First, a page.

In the field of similar solutions and institutional actions, the actions of KUKE in the area of export insurances were well-received by entrepreneurs, in which Poland has been a pioneer among export insurance agencies and insurance companies. Since the beginning of the war, about 2 billion zlotys worth of supplies from Polish companies have been effectively protected in this manner, with virtually zero losses.

Secondly, an Interdepartmental Working Group for Polish-Ukrainian economic cooperation should be established – created at the intergovernmental level and thus directly empowered by the appropriate ministers. This team would provide a new opening in relations, coordinating government institutions’ work on an ongoing basis. It would be supported on a daily basis, among others, by a group of business experts-practitioners.

This would allow the business community to analyze the situation efficiently and in real-time and propose practical and quick solutions to administration problems, including those specific to particular sectors. An obvious example is the trade in agricultural products, which has been, is and will be key for Ukraine. Despite tensions, Polish-Ukrainian cooperation is growing in this respect, as evidenced by significantly higher transaction volumes.

Thirdly, systematic assistance in Ukraine’s accession to the European Union – membership in the EU is in our national interest. This would expand the common market, provide significant investment stimulus, strengthen the competitiveness of the EU economy thanks to the strong position of Ukrainian companies in some sectors (eg. IT), ensure security in terms of many raw materials and rare earth metals and increase strategic food security. Therefore, it is in the interest of the Polish economy to provide long-term support for Ukraine’s accession to the Union and offer our extensive experience in absorbing pre-accession program funds and using local government in this process, as well as strengthening public institutions and fighting corruption.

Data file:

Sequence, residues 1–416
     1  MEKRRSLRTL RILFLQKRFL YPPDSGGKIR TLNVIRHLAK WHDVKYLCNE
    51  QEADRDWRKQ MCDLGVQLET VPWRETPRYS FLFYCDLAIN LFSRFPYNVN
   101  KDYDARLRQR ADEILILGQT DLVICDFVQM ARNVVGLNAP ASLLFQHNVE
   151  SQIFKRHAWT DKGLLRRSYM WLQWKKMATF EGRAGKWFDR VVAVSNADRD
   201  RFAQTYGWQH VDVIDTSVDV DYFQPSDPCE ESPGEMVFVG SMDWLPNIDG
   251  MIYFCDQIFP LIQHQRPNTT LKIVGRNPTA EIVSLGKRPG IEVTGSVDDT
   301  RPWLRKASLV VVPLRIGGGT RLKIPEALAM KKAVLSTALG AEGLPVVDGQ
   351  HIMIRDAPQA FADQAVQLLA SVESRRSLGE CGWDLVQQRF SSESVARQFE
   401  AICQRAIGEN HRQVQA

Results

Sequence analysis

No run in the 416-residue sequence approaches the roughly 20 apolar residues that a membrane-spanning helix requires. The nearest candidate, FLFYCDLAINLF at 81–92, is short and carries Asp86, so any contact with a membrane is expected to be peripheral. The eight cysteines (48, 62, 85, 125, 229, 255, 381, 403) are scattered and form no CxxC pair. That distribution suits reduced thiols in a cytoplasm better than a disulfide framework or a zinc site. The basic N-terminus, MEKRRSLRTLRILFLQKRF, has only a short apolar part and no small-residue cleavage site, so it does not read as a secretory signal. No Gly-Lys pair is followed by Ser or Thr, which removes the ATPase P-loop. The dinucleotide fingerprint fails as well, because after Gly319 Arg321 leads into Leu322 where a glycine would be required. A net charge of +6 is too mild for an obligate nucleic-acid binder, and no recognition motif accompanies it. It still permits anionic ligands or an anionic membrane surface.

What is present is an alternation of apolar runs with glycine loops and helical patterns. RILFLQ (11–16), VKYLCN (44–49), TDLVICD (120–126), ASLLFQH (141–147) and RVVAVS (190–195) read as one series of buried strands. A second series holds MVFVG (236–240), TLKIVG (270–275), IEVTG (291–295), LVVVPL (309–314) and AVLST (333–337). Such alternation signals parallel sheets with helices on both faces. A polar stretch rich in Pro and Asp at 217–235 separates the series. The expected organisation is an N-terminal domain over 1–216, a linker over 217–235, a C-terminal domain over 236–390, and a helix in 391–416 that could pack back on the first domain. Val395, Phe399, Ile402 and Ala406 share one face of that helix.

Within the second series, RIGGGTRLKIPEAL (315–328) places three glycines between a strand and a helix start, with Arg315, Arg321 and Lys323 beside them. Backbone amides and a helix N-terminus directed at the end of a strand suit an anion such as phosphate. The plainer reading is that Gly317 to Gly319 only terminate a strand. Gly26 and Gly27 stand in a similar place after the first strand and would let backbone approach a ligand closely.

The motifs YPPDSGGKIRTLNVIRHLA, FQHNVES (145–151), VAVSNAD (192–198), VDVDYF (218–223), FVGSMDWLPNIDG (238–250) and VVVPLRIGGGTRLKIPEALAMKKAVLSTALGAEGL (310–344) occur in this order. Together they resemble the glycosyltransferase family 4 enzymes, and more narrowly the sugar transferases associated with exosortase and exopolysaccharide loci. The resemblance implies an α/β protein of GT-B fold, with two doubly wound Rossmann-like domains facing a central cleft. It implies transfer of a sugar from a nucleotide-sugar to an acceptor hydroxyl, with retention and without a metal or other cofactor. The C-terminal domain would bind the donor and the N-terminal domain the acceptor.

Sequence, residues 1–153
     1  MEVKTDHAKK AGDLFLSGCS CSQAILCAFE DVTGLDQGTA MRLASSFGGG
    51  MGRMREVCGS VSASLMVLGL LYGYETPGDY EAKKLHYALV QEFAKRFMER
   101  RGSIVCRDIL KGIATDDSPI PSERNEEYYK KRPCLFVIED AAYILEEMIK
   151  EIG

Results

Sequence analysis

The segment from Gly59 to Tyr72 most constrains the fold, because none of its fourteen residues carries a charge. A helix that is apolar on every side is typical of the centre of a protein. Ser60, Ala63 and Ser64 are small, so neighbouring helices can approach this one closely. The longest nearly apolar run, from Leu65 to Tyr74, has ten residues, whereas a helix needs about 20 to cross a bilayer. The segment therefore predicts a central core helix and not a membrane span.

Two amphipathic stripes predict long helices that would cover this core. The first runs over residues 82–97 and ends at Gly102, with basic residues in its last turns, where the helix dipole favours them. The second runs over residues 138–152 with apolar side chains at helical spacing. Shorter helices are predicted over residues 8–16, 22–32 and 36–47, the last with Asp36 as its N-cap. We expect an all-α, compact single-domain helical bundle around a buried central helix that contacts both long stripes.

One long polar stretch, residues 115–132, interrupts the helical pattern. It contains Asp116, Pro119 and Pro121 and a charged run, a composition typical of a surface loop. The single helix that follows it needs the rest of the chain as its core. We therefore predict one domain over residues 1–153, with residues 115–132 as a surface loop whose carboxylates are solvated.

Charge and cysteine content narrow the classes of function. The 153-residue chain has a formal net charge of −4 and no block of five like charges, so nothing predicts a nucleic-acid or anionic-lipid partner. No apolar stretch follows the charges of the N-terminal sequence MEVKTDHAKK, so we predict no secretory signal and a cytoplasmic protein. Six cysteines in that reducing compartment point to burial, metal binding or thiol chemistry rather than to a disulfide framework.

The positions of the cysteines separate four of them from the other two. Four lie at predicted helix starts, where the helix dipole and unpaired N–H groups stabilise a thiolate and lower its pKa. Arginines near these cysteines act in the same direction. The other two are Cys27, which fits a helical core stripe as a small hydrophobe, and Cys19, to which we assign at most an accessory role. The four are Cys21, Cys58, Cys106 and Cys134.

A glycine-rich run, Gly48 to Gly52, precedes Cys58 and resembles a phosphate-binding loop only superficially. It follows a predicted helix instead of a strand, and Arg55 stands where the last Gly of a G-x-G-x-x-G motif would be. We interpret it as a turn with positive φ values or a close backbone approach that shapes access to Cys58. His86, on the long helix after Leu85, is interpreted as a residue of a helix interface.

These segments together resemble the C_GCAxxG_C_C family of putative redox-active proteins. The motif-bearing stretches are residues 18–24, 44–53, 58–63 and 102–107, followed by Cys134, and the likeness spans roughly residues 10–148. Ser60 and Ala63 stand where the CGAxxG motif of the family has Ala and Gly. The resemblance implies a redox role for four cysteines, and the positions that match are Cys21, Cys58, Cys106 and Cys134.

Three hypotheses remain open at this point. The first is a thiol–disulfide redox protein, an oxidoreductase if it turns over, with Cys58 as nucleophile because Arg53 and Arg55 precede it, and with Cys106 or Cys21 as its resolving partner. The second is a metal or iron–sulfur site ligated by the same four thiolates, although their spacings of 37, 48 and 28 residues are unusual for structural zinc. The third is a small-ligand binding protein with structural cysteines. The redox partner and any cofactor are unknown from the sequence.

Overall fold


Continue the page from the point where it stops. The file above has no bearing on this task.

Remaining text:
Although the EU has changed significantly over the past 20 years, Poland still has well-functioning procedures and a broad group of experts with extensive experience in accession work. Therefore, our country can play one of the key roles in Ukraine’s integration. This also concerns our invaluable experience in responding to challenges that will inevitably arise – especially in negotiating transition periods and protecting individual sectors.

How urgently solutions in the field of market protection need to be worked out is confirmed by disputes involving farmers and carriers at the Polish-Ukrainian border. The most significant challenges associated with Ukraine’s membership in the EU are integrating Ukrainian agriculture and dividing funds in the EU budget – but challenges can and should be managed, applying the principle: nothing about us without us. Additionally, let’s use our neighbors’ accession also for the necessary EU reform in line with Polish interests.

Much has already been achieved

Although the key issue now seems to be the activation of Union and Polish capital, primarily within the proposed Development Fund, it is worth noting the potential of already implemented actions: